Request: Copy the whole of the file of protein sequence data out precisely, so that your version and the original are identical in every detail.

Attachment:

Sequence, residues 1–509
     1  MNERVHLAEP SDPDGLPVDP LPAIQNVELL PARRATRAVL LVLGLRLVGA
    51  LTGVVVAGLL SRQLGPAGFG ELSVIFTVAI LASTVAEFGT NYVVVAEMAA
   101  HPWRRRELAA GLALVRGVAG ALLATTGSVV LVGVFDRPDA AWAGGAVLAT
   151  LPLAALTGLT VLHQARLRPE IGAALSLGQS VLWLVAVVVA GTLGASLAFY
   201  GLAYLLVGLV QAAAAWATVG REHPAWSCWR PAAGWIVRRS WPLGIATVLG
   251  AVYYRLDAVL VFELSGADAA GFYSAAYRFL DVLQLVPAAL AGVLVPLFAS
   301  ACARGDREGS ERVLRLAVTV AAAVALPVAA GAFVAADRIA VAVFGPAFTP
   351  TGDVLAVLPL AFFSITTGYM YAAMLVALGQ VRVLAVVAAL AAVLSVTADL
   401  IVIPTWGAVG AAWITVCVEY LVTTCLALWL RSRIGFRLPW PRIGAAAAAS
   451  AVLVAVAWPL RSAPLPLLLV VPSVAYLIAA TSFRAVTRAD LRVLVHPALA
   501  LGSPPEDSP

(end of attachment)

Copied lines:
Sequence, residues 1–509
     1  MNERVHLAEP SDPDGLPVDP LPAIQNVELL PARRATRAVL LVLGLRLVGA
    51  LTGVVVAGLL SRQLGPAGFG ELSVIFTVAI LASTVAEFGT NYVVVAEMAA
   101  HPWRRRELAA GLALVRGVAG ALLATTGSVV LVGVFDRPDA AWAGGAVLAT
   151  LPLAALTGLT VLHQARLRPE IGAALSLGQS VLWLVAVVVA GTLGASLAFY
   201  GLAYLLVGLV QAAAAWATVG REHPAWSCWR PAAGWIVRRS WPLGIATVLG
   251  AVYYRLDAVL VFELSGADAA GFYSAAYRFL DVLQLVPAAL AGVLVPLFAS
   301  ACARGDREGS ERVLRLAVTV AAAVALPVAA GAFVAADRIA VAVFGPAFTP
   351  TGDVLAVLPL AFFSITTGYM YAAMLVALGQ VRVLAVVAAL AAVLSVTADL
   401  IVIPTWGAVG AAWITVCVEY LVTTCLALWL RSRIGFRLPW PRIGAAAAAS
   451  AVLVAVAWPL RSAPLPLLLV VPSVAYLIAA TSFRAVTRAD LRVLVHPALA
   501  LGSPPEDSP